I am happy to announce that the German edition of my Atlas of Prejudice book will hit the bookstores in February 2013. The publisher is Knesebeck Verlag. Those of you familiar with the German market have probably seen a lot of its superbly made illustrated books, among which are bestseller titles like Christoph Niemann’s Abstract City. I couldn’t be in a better company. Seriously.
I have yet to sit down and fully comprehend what all this means. Mapping Stereotypes, the project that this book is based on, is 4 years old. By contemporary standards, this makes it as ancient as a Phidias statue. Despite that, with every passing year, it has managed to grow, almost by itself in a frictionless, kind of supernatural way. There was always something extra that was worth laughing at. What remained unnoticed was that it came hand in hand with something discouraging, even scary.
Those who ridicule stupidity long enough always get their hearts broken. As time passes by, it becomes harder and harder to separate the fools from the people you sympathize with. And suddenly the fun may turn to bitterness, resentment, anger, rage. Then comes a humbling point because as you dig deeper in the mud you ultimately discover there’s a stupid fool living inside your own self.
The human psyche is such a weird creature. All its problems have to be reverse-engineered. We spend most of our lives projecting expectations like an old cinema. Our eyes flicker, our guts roar and when the end comes, the film just flies off the feeder and then – silence. Few of us really take part in the movie itself. We are so scared to step in and assume our roles that we dedicate enormous efforts to deceive ourselves that the projection itself is the reality worth living in. Our emotional gluttony forces us to chase pleasure where it doesn’t exist. Our fear makes us choose sides in otherwise irrelevant alliances. Our prefabricated assumptions grow into parallel universes once they rub on our sensation-hungry minds.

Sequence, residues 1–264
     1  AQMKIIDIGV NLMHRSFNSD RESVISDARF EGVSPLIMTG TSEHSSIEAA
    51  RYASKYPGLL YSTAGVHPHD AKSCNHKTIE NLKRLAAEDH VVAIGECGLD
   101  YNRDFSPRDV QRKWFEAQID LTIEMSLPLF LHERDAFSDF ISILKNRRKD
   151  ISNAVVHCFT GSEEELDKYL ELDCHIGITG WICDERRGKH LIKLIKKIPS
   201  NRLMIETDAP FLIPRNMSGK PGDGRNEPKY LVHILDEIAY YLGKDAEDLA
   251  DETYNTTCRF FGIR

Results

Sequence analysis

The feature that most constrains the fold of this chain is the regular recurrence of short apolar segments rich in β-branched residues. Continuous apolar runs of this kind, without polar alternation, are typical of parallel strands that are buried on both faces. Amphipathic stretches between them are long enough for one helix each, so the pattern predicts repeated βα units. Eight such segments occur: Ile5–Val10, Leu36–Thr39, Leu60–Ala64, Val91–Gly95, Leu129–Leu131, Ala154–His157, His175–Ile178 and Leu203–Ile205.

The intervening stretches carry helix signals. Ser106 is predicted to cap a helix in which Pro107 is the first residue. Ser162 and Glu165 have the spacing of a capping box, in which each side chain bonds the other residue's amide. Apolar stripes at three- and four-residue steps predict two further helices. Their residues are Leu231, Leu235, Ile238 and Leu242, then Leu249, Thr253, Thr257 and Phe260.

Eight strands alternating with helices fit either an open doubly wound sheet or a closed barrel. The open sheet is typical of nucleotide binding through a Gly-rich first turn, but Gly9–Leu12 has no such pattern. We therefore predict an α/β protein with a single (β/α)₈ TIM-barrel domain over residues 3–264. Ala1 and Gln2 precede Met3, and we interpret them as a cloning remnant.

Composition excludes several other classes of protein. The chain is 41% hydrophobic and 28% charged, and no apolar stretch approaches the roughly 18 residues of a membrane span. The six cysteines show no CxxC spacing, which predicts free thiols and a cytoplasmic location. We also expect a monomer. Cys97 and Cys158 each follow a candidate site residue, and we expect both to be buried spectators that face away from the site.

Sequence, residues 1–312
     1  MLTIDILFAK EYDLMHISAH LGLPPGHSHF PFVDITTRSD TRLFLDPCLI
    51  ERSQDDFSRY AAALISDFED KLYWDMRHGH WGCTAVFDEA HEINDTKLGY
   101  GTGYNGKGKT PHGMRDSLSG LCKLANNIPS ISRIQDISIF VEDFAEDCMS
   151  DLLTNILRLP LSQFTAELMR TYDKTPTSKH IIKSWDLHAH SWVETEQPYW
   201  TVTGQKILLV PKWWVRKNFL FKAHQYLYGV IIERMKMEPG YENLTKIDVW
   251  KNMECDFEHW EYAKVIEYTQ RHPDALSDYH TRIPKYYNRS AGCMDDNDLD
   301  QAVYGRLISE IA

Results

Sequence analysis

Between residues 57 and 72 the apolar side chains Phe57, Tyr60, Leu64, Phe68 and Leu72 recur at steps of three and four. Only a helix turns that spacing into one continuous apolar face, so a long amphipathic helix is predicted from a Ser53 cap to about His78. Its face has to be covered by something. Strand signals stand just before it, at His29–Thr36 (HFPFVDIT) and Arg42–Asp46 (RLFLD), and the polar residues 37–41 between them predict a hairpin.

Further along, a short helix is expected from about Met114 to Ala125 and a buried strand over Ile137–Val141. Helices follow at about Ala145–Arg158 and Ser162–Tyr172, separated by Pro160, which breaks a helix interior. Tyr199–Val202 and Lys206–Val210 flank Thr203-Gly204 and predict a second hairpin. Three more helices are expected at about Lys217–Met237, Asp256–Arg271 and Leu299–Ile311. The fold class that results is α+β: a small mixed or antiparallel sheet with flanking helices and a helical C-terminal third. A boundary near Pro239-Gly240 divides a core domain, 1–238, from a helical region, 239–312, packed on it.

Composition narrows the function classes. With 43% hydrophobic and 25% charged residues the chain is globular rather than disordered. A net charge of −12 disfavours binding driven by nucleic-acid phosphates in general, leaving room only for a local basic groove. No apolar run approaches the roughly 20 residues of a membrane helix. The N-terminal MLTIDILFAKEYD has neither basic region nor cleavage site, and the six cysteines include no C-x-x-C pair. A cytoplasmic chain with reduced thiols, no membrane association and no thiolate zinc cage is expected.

If you assume those are modern, 21st century problems, this book will kindly remind you they’re not. America didn’t invent Wall Street. Britain didn’t invent imperialism. Stalin didn’t invent mass deportations and France didn’t invent peeing in the ocean. The impulse for all those things was already present, it popped in our little heads the moment we started thinking and truth be told, back in those days, it used to be much worse. That’s not exactly a consolation, but it’s good to know we have such a vast base for comparison when it comes to bigotry, stereotypes and prejudices. Human history, dear reader, is nothing but a branch of psychology and this book marks the beginning of my efforts to prove it.
This is why I had to write it myself. I had to design it myself. Illustrate it myself. It’s not stubborn egoism, it’s just an enormous pulsating zit on my face and I have to deal with it on my own because let’s be fair, who else would want to touch it?
There are 39 maps inside. Most of them you have already seen, although never in one single place. Others were made exclusively, inspired during the writing process. The remaining 41 pages you will have to read. Yeah, sorry about that. :)
P.S. And finally, after I bragged about how this is a one man effort, let’s backtrack a bit. Making this book wasn’t easy but whatever problems I encountered were mine alone. The wonderful team I worked with was no less than brilliant. I am very thankful to Martin Brinkmann, my literary agent who has the patience of a saint and the dedication of a nun. I was literary amazed by the skills of Christine und Christophe, das beste Ü-Team in der ganzen Welt, who managed to translate all my ridiculous map labels into German and still keep them embarrassingly funny! And last but not least, to Knesebeck for giving me absolute creative freedom. How many authors can enjoy this with their first book? That’s right, I am the only one. Up yours, Dostoevsky! :)